If some NYC restaurateurs have stars in their eyes this week, it’s not the afterglow from a perfectly cracked crème brûlée. The Michelin Guide, the definitive restaurant recommender released through the French tire manufacturer Michelin, has returned to NYC… and she’s not here to make friends.
The Michelin Guide awards one to three stars each year to the best restaurants in the world, with even one star being a colossal honor. There are currently 72 Michelin-starred restaurants in the five boroughs of New York, most of them concentrated in Manhattan, but an increasing number are located in trendier Brooklyn. (Curious how a tire company became so tied up in the restaurant business? Learn a little more about the guide’s history here.)
The Red Guide, as the Michelin Guide is commonly known, has been keeping us on our toes lately by dropping strategic batches of nominees every few weeks. It’s a clever stunt to keep the Michelin name in the headlines, and to keep foodies guessing which of their favorites will soon become impossible to make a reservation at.
Historically, the Guide has given preference to French restaurants, though French cuisine has fallen in and out of fashion over the Guide’s 122-year reign. Currently, French food is on an upswing, with New Yorkers fawning over casual bistro fare in a perfect example of post-pandemic, inflation-fueled hedonistic excess. As everyone knows, quiet quitting pairs perfectly with a cabernet.
So let’s take a look at the winners. Holding onto their solo stars are Daniel Rose’s LES white tablecloth mainstay Le Coucou, Daniel Boulud’s seafood-focused Grand Central resto Le Pavillon, and the vegetable-oriented sustainable dining spot Le Jardinier in Midtown East. Maintaining their double accolades are Boulud’s UES eponymous restaurant Daniel (where, according to Google, “jackets are required and expense accounts come in handy”), and another white-on-white chef-named luxe Frenchy establishment, Jean-Georges. And the three star status quo has been upheld by Thomas Keller’s Per Se, known for its nine-course tasting menu and stunning Central Park views. Altogether, these six restaurants create the impression that someone has ushered all of New York’s fine French dining crowd to come to a party held behind a red velvet roped-off Midtown with enormous bouncers at the entrance.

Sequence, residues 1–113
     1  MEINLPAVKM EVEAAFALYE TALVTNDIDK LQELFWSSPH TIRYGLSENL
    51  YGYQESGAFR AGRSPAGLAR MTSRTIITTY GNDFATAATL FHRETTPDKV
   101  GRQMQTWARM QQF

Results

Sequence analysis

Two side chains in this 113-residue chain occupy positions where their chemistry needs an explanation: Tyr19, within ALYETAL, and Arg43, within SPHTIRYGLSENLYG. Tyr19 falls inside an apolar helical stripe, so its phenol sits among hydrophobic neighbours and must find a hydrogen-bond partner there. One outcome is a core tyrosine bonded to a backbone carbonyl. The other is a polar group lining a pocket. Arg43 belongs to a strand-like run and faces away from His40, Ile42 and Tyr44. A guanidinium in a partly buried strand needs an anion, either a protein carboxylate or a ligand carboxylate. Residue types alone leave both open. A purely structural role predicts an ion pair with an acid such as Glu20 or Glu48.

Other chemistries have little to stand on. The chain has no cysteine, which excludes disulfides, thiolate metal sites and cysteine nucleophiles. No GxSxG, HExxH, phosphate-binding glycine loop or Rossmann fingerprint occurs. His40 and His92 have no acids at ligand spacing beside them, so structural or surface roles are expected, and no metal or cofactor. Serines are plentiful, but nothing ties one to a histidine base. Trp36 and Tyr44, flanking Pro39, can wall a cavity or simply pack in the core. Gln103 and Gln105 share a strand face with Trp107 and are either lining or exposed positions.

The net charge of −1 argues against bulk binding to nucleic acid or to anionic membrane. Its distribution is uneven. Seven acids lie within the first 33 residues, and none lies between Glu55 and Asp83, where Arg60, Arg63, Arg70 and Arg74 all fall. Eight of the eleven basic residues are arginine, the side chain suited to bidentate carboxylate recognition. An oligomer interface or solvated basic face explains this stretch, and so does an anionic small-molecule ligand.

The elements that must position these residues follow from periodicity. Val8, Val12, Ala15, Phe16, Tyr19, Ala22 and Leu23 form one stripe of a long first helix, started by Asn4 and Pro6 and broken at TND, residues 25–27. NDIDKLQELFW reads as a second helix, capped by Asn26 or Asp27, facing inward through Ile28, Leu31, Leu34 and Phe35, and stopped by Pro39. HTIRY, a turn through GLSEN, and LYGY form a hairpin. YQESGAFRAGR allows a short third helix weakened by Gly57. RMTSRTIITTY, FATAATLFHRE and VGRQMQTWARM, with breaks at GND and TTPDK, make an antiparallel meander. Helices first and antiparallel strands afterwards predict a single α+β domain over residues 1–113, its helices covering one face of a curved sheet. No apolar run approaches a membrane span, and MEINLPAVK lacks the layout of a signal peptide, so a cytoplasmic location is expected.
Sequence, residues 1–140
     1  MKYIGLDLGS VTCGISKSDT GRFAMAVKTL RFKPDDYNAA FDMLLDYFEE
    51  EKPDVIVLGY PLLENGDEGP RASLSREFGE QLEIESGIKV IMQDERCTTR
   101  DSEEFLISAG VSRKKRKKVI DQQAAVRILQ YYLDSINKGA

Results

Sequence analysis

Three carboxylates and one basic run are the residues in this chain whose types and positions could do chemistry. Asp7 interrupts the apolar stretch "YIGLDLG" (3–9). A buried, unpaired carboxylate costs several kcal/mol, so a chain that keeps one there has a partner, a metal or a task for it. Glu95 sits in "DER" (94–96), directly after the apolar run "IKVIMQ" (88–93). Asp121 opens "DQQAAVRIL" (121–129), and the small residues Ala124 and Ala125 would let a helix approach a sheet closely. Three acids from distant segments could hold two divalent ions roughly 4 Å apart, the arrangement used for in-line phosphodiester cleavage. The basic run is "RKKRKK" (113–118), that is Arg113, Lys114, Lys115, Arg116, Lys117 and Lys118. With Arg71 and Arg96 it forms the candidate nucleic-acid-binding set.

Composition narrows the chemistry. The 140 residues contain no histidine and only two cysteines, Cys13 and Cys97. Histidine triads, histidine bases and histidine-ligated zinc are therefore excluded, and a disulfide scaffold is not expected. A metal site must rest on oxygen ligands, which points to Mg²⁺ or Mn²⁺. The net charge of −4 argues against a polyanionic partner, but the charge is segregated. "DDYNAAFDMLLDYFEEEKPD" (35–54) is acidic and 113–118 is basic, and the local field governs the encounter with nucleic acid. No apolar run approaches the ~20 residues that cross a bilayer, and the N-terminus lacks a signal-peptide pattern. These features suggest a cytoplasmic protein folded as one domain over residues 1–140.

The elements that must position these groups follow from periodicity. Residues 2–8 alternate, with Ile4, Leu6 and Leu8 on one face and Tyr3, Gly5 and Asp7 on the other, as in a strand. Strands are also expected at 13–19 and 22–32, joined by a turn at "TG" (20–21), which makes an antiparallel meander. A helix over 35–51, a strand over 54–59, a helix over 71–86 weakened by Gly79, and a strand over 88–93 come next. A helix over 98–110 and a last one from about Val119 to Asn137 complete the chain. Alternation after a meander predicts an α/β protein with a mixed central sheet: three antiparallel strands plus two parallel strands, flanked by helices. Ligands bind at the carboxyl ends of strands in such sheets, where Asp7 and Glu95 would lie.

The hot new bombshell entering the Michelin villa is L’Abeille, an elegantly-appointed (but not, god forbid, formal) Tribeca establishment serving French fare with Japanese touches. It’s the epitome of “bistronomie,” or elevated bistro dining perfectly curated for a New York clientele, down to the miso-glazed pigeon. L’Abeille was awarded one star.
There’s also the Bib Gourmand Guide, the “affordable” branch of the Michelin Guide. The current restrictions assume that you can dine at any Bib recipient and enjoy three courses (or two courses and a drink) for under $49. That’s before tax and tip, of course, and even then you’re cutting it close.
Take Amelie, for example, an Upper West Side French wine bar currently on the NYC Bib Gourmand list. Let’s say you were to select a mid-range item from the appetizer, main dish, and dessert lists. Try the Onion Soup ($15), Coq au Vin ($29), and Crepes Suzettes ($10). You’re already at $54. Even if you were to select the cheapest main course option, the Amelie Cheeseburger ($22), the soup and the crepes would still leave you at exactly $49.
The $49 cutoff is a $9 increase from 2021, back when you could expect to pay only $40 at a Bib-awarded resto. Even this bump of more than 20% has not managed to keep up with inflation, however, as fewer new Bib awards have been issued, down to 18 in 2022 from 30 in 2021. In the NYC area, the cost of eating out has increased by 10% thanks to supply chain issues and a labor shortage.
However, if you’re willing to spend what is likely to be slightly more than $49 on a Michelin-anointed French meal, there are two New York options. Aside from Amelie (which has both UWS and Greenwich Village locations), there is also Maison Yaki, a French-Japanese fusion yakitori restaurant located in (gasp!) the Prospect Heights neighborhood in Brooklyn.
Catherine Rickman is a writer and professional francophile who has lived in Paris, New York, and Berlin. She is currently somewhere in Brooklyn with a fork in one hand and a pen in the other, and you can follow her adventures on Instagram @catrickman.